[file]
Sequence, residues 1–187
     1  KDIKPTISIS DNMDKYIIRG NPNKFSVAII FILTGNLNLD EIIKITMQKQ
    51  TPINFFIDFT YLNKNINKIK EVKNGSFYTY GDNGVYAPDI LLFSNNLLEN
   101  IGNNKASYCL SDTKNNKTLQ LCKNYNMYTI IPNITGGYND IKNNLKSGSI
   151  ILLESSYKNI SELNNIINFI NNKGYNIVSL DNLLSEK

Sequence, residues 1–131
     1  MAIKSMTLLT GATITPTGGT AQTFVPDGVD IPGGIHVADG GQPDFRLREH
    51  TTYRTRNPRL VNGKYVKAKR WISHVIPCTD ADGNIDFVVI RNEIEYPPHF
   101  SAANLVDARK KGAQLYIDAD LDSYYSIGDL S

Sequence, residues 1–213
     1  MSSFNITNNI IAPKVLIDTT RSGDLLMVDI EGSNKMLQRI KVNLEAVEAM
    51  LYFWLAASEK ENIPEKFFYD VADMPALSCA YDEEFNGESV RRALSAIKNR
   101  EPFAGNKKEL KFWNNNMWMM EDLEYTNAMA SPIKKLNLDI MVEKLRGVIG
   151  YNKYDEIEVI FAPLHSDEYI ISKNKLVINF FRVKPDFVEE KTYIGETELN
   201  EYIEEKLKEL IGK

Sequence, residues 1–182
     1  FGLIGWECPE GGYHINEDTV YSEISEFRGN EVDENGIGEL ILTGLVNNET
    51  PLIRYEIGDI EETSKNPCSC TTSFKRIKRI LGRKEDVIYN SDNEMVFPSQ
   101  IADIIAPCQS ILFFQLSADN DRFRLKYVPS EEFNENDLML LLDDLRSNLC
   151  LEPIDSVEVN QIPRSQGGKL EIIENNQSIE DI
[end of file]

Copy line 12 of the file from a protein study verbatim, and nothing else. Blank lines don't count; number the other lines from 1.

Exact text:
    51  LYFWLAASEK ENIPEKFFYD VADMPALSCA YDEEFNGESV RRALSAIKNR